The older narrator is constantly poking fun at the younger one, but with affection.

Needless to say, Smith—now Jean—doesn’t thrive in his new position in Montreal. The school is a dump. The owners, who are also the only other instructors, are indifferent to Jean no matter how many lies he spins about his dear friend Picasso. His misery swells until he comes across a submission from a new student, a nun named Sister Irma. The sincerity and religious devotion in her application, along with the quality of her work, make an impression on Jean: “After thirteen years, I not only distinctly remember all six of Sister Irma’s samples, but four of them I sometimes think I remember a trifle too distinctly for my own peace of mind.” In this lonely, overwrought state, Jean churns out a letter, or, from the sound of it, a tome, to Sister Irma, gushing about her work, griping about the other students, denigrating the school, and practically inviting himself to the convent for a visit.

He mails his letter and, flush with joy, goes to bed. But older, wiser Smith informs us: “The fact is always obvious much too late, but the most singular difference between happiness and joy is that happiness is a solid and joy is a liquid. Mine started to seep through its container as early as the next morning. . . .” Lopate lives for these reflective moments, “where the writing takes an analytical, interpretative, generalizing turn: they seem to me the dessert, the reward of prose.”

The joy continues to seep out as Jean struggles with pretending to care about his other, talentless, students, while desperately waiting for Sister Irma’s reply. At this low point, his first—and one hopes, false—epiphany strikes:

I stopped on the sidewalk outside the school and looked into the lighted display window of the orthopedic appliances shop. Then something altogether hideous happened. The thought was forced on me that no matter how coolly or sensibly or gracefully I might one day learn to live my life, I would always at best be a visitor in a garden of enamel urinals and bedpans, with a sightless, wooden dummy-deity standing by in a marked-down rupture truss.

Hideous, indeed. This thought, living in a mean, ugly world with an indifferent and sickly god, drives Jean to bed where he lies shivering, trying to focus on Sister Irma, Sister Irma as a beautiful young woman his age, waiting for him to accompany her on a walk through the lush convent gardens.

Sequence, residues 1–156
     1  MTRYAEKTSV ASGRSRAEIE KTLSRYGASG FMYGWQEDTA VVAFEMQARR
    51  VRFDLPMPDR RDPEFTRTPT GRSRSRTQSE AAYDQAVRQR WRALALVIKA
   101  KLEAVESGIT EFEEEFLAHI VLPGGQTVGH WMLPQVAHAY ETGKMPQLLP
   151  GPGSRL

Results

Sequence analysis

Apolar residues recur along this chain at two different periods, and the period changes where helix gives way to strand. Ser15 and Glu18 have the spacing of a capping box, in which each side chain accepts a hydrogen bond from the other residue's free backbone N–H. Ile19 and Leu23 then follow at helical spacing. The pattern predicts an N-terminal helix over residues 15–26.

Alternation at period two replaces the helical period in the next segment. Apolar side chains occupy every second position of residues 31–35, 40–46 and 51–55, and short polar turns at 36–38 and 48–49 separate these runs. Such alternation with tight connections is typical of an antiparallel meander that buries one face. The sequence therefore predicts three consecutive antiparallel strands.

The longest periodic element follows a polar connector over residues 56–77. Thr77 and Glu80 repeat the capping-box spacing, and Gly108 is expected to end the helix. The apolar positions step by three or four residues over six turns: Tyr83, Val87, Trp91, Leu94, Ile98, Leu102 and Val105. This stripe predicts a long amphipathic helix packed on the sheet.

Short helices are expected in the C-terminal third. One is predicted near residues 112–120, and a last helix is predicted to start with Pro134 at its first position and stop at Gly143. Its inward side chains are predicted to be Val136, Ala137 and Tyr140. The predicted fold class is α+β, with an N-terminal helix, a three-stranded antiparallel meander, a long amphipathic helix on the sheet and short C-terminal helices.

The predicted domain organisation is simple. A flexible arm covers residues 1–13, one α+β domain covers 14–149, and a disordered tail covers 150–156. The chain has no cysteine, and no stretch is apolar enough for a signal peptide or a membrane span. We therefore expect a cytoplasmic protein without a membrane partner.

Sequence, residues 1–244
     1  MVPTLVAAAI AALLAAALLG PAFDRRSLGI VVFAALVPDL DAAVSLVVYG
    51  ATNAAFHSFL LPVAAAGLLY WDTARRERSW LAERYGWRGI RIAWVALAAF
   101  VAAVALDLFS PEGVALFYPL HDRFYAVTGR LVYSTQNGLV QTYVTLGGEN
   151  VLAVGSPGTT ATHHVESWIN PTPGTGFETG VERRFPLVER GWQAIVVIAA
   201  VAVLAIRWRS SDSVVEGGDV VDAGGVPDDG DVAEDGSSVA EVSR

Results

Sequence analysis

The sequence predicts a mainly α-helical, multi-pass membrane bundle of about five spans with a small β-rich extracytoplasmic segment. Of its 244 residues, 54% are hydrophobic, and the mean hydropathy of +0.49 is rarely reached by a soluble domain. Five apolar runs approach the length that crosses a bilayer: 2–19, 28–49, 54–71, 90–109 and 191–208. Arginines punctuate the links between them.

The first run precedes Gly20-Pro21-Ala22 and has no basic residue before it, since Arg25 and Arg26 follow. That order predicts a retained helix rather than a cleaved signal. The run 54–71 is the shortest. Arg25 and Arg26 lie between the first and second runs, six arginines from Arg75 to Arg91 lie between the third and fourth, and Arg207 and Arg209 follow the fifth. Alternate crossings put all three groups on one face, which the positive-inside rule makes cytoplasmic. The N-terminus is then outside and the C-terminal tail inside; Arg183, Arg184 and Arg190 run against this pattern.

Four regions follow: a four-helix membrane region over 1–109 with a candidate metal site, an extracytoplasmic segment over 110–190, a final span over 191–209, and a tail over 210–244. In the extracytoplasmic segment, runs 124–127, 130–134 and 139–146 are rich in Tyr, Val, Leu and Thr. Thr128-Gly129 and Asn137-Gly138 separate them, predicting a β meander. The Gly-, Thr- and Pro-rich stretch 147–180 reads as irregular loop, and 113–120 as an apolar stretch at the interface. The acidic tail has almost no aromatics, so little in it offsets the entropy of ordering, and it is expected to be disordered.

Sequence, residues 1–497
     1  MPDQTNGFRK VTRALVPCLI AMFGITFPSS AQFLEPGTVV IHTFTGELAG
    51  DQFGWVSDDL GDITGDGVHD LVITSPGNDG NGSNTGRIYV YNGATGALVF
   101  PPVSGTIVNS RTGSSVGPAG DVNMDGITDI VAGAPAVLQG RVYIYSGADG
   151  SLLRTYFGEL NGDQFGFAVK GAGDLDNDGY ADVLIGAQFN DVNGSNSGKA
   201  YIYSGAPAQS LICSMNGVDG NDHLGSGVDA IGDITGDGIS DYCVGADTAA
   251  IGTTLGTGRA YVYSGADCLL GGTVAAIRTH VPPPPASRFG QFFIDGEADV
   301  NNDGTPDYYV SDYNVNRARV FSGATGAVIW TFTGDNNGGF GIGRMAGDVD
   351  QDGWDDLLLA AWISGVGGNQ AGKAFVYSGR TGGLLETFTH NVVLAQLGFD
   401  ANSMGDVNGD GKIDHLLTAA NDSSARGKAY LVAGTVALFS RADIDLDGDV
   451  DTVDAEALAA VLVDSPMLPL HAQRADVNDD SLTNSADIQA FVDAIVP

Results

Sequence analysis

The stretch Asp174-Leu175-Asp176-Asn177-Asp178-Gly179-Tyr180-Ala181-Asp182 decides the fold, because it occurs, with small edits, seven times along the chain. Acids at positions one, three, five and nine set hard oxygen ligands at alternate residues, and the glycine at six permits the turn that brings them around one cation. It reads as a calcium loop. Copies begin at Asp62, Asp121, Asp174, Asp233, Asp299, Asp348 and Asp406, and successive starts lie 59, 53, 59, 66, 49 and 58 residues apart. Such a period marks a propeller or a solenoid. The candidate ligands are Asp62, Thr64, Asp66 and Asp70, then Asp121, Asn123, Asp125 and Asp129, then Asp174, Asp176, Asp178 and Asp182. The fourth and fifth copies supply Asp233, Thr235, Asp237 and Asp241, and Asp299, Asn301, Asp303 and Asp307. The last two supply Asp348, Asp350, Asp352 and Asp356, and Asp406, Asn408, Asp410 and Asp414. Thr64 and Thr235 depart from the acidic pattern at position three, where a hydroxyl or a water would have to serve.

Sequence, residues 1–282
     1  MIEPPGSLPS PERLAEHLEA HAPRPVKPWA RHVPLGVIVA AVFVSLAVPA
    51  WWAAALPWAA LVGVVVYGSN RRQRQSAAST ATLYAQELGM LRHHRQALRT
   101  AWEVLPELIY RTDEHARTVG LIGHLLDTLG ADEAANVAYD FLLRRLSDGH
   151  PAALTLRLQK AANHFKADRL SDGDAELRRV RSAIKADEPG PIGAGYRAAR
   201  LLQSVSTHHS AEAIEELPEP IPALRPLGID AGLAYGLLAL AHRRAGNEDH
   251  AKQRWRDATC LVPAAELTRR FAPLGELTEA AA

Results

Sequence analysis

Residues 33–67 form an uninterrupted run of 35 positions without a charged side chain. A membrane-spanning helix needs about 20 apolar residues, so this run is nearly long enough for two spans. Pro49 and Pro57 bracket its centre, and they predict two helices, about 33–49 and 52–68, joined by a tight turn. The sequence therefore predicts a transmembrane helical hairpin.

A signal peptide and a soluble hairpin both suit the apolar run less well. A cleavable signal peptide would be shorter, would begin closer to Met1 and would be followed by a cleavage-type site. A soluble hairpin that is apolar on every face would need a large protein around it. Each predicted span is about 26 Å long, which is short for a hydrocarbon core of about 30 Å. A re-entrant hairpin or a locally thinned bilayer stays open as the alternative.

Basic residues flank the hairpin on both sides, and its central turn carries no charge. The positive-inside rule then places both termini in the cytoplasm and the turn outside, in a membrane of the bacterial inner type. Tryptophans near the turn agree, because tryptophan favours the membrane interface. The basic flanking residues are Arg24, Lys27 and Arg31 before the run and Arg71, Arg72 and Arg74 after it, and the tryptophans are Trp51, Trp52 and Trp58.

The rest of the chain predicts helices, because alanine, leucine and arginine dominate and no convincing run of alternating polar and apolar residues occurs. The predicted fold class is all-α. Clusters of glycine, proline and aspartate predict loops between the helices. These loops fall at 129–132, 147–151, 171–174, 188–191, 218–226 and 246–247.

But his courtship is not to be. An impersonal letter arrives from the Mother Superior of Sister Irma’s convent. Sister Irma will not be able to continue taking her courses. Unforeseen circumstances. Would a refund be possible? Jean, of course, is crushed. Later, alone once more in his room, he writes a second letter to Sister Irma. He begs her to reconsider. Wants to know why she’d decided to stop taking the course. Again, invites himself to the convent to discuss matters further.

Before he has the chance to bombard Sister Irma with another missive, his second, and true, epiphany occurs, once again, outside the providential orthopedic appliance shop. This time, a woman is inside, changing the truss on the dummy/deity. Jean stands outside in his tux creepily watching this work until the woman realizes she’s being watched and, startled, slips and falls. He reaches out to her but his fingers hit the glass of the window. The woman stands, ignores the creep in the street, and gets back to work fixing up the dummy. Then, the epiphany hits:

Suddenly (and I say this, I believe, with all due self-consciousness), the sun came up and sped toward the bridge of my nose at the rate of ninety-three million miles a second. Blinded and very frightened—I had to put my hand on the glass to keep my balance. The thing lasted for no more than a few seconds. When I got my sight back, the girl had gone from the window, leaving behind her a shimmering field of exquisite, twice-blessed, enamel flowers.

Jean—now, perhaps, Smith once more—stumbles down the street, shaken but also revitalized by the insight that follows after he sees the light: “Everybody is a nun.”

Smith’s time in Montreal speeds to an end. The art school shuts down because of a lack of licensing. Smith doesn’t mail Sister Irma his letter. He leaves her to her work. He forgets about the urinals and bedpans and meets up with his stepfather to spend the rest of the summer looking for love on the beaches of Rhode Island.

I have mixed feelings about epiphanies in narratives. Yes, they can be clichéd, tired tropes of literary fiction that sometimes result in too-tidy slogans like “everybody is a nun.” But they can also be sincere moments where meaning is revealed to us. Both of Smith’s epiphanies feel like the latter.

But how does Salinger pull it off? A retrospective, reflective narrator isn’t the only storytelling trick he’s employing here: he has a great ear for dialogue and a playful, clever, and compelling voice. Still, I think it’s the double perspective that sucks me in. The framing of the story, the older narrator alternating between tenderness for his younger self and taking wry jabs at his narcissism, even the confessed self-consciousness about his second epiphany, win me over every time I reread the story. Or, to put it simply, the success of young Jean’s story hinges on older Smith telling it.

Star wipe to next module.